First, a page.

Lao Bei Fong of Avatar: The Last Airbender was extremely protective of his daughter because she was blind, and even kept her existence a secret. When he finds out she wasn't learning just basic earthbending but was instead amazingly proficient, he decides she's had too much freedom and must be monitored around the clock. When she runs away he sends two people after her, one of which had just kidnapped her hours ago.
Korra from The Legend of Korra gets frustrated with her dad when he tries to protect her during her stay in the Southern Water Tribe. If it weren't for him and Tenzin suggesting the compound she had to stay in for most of her life, then things would've been different.
Yet after what Unalaq did, Tonraq's protective behavior could be justified.
Subverted on SpongeBob SquarePants, when SpongeBob agrees to chaperon Mr. Krabs' daughter to the prom. When he's dropping her off, Krabs runs out the door screaming "GET AWAY FROM ME PRECIOUS FLOWER!!!"... which turns out to be an actual flower that SpongeBob was in danger of stepping on. Also another episode has Krabs worried sick that boys will show up to his daughter's sleepover, though his overriding concern isn't anything the boys would do to Pearl, but the thought that boys would destroy any of his property and beloved possessions. It should also be noted that in the prom episode, Mr. Krabs totally subverts the trope by telling Pearl not to mess SpongeBob up too much. (because he needs him for work)
The father of one-off love interest Angela D'Angelo in My Dad The Rock Star is both completely neurotic and extremely overprotective. He's so overprotective that no-one has ever dated his daughter because every boy who ever tried got scared away during the "pre-date"... interrogation. Willy, the main character, fares no better in trying to woo Angela. Even when Angela decided to defy her father's decision, his response was to move the entire family out of town just to make sure he kept his daughter "protected." Appropriately enough, his wife is also an equally extreme example of a Beloved Smother.
On The Fairly OddParents, Big Daddy, Wanda's father, embodies this trope so well that he nearly got Wanda to leave Cosmo and Timmy in his first apperance. Unsuprisingly, he ends up hooking up with Mama Cosma.
Rocko's Modern Life: "Let me tell you something; you lay ONE PAW ON MY DAUGHTER AND YOU'LL BECOME MY PERSONAL TOOTHPICK, YOU HEAR ME!"
In Batman: The Brave and the Bold episode "The Golden Age of Justice", the entire Justice Society treats Black Canary as if she were made of glass and will tell her to wait back while they do all the hard work — despite the fact that she's a competent crimefighter in her own right, as well as half their age. Eventually she learns from Wildcat that their over-protectiveness stems from a promise made to Dinah's mother, the first Black Canary, as she died in the middle of a rescue mission. Not to mention, they treat Batman kind of the same way, but not quite as severe.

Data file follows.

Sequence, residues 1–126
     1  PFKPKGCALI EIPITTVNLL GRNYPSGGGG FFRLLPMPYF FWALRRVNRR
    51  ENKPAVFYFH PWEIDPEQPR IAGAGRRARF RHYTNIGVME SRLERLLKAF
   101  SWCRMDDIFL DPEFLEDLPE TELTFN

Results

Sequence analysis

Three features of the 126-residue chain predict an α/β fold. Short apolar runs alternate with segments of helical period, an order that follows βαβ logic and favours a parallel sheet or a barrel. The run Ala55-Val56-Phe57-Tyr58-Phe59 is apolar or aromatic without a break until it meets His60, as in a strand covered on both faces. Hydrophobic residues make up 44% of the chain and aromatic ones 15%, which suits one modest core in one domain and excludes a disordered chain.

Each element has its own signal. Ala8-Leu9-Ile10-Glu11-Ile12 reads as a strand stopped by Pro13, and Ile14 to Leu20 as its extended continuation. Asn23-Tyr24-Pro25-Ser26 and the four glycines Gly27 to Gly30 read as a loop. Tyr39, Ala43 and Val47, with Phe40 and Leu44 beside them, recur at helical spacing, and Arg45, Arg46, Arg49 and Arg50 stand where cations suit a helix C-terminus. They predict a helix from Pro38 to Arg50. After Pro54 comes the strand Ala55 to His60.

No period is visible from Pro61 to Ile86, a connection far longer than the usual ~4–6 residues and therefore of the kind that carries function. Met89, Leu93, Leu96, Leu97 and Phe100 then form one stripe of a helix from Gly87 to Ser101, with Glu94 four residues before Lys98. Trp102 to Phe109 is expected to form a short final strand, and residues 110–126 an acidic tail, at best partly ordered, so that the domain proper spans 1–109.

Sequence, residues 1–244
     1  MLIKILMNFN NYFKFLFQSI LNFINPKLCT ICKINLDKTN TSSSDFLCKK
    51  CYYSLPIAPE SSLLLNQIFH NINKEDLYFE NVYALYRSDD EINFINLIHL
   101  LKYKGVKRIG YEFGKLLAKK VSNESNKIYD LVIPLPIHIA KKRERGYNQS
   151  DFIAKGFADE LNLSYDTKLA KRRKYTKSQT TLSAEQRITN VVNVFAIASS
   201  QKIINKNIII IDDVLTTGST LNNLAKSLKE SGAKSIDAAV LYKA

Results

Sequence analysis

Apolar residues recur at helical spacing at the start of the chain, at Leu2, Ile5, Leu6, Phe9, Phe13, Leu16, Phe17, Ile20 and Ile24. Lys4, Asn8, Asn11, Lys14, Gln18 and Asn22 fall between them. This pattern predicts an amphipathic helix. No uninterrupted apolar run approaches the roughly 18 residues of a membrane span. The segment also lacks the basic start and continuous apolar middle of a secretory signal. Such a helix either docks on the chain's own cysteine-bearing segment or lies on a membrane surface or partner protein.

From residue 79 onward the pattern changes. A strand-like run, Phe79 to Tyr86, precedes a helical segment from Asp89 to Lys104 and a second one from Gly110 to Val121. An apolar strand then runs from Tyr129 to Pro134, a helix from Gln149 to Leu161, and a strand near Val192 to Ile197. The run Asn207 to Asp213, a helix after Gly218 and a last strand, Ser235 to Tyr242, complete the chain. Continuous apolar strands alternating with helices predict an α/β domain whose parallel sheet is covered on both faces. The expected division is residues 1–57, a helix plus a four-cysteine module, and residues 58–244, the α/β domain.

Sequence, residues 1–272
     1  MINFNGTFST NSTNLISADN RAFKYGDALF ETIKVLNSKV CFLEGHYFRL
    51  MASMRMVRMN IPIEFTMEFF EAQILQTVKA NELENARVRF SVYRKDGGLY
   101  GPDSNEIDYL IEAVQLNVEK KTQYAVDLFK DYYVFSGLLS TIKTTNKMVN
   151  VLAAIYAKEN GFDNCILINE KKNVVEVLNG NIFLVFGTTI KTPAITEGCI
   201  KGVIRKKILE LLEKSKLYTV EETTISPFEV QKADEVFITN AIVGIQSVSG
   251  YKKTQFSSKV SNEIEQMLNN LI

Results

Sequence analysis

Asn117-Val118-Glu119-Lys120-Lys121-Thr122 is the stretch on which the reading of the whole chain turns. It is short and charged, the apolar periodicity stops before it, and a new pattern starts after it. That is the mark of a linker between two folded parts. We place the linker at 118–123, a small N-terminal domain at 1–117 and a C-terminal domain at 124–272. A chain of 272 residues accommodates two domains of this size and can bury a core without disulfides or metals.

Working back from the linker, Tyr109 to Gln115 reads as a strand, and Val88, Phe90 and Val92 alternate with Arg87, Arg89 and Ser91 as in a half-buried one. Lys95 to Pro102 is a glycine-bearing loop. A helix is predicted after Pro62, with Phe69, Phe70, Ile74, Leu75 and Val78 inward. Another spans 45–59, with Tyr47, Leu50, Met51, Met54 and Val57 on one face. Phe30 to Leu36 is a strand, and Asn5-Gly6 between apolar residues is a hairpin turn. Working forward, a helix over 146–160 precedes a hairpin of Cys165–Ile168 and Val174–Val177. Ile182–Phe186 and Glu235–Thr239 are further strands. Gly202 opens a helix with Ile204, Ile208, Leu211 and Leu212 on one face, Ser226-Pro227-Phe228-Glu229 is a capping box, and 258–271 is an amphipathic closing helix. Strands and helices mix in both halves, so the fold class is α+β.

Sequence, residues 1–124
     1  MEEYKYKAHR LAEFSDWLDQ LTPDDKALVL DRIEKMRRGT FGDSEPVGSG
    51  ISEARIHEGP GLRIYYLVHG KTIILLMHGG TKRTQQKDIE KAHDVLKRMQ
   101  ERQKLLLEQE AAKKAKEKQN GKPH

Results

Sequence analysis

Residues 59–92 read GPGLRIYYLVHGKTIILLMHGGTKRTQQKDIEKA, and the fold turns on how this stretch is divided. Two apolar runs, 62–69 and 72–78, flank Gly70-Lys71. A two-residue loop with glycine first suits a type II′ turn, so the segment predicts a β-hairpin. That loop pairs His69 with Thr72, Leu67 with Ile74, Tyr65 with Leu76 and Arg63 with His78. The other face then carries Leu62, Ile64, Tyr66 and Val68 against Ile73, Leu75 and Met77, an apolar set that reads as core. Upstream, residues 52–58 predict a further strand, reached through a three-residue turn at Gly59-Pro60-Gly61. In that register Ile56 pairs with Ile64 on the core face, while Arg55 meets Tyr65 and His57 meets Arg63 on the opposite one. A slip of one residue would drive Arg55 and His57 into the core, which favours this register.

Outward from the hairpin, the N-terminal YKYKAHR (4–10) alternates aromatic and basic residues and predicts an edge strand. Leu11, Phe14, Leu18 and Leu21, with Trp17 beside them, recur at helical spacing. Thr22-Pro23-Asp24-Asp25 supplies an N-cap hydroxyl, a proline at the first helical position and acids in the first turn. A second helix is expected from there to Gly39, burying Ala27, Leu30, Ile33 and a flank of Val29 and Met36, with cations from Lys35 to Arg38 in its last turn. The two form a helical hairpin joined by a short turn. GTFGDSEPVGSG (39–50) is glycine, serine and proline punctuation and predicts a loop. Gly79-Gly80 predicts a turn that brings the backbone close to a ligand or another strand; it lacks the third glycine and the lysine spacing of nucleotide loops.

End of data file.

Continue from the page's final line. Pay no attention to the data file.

Amusingly subverted in The Legend of Zelda cartoon. The king catches Link about to swing into Zelda's room for a kiss and tells him not to... until he has flowers, because "girls are crazy about flowers."
An episode of King of the Hill dealt with an extremely overprotective dad who treated all of his children this way, including his twin boys, who were Bobby's age. He treated them (and the rest of the boy scouts) like babies just because one had ADHD and the other was hyperglycemic. To the point he kicked Bobby out of the scouts simply because he was playing a fighting game, considering him a bad influence.
Paulina's father in Danny Phantom. He threatens Danny within seconds of meeting him ("If you upset her, we're going to have a violent talk.") and then tells him he knows where Danny lives just before they leave for the school dance.
In The Venture Bros.. Dr. Orpheus is shown to be very overprotected of his only daughter Triana. Where when Pete White tried to flirt with her at the Xmas Party (complete with mistletoe headband) he caused the mistletoe to burst into flames while giving Pete the Death Glare.
Triana Orpheus: Dad, I can take care of myself, you know. Byron Orpheus: I'm sorry, pumpkin. I trust you to defend your honor. It's just that... MY PUMPKIN'S MAIDENHEAD IS NOT A PRIZE TO BE... Triana Orpheus: DAD!
Tennie's father in Motorcity doesn't like her hanging around Dutch, since he knows he's part of Mike Chilton's Burners.
The Jetsons: George Jetson has every reason to be this way, especially when one considers how boy-crazed his daughter Judy is.
Like The West Wing example above, the real President backs his words of warning for the The Jonas Brothers with the weight of being Commander-In-Chief of the US armed forces:
Jenna Jameson's father used to answer the door to her dates in his cop uniform. That worked well.
Cybill Shepard's father used to nail planks to her window to prevent her from sneaking out at night when she was a teenager.
Some people feel that the abstinence pledge for girls comes down to a statement by the fathers involved that says, "I will not let you have boyfriends until you're married."
This trope becomes a Subverted Trope to a degree in the United Kingdom; fathers can be more overprotective of their sons these days. Ironically, the "If you ever do anything to hurt her..." speech is virtually a Dead Horse Trope in Britain; now invectives are aimed at the son's partner about this.
Meat Loaf once met one of his daughter Pearl's dates with a baseball bat "casually" in hand and told the young man what he would do with said bat if anything happened to his daughter. They came home early.
Bill Engvall: "Boy, look at me. You see that little girl right there? She's my only little girl, man. She's my life. So if you have any thoughts about hugging, or kissing, you remember these words: I ain't afraid to go back to prison."
Oddly subverted by Charlemagne: although (while not on campaign) he refused to dine unless all of his available children (he accepted that sometimes, his sons would be out on kingdom business) were at the table with him and forbade all but one of his daughters from marrying, he also was more than happy to let his daughters have children out of wedlock with various courtiers.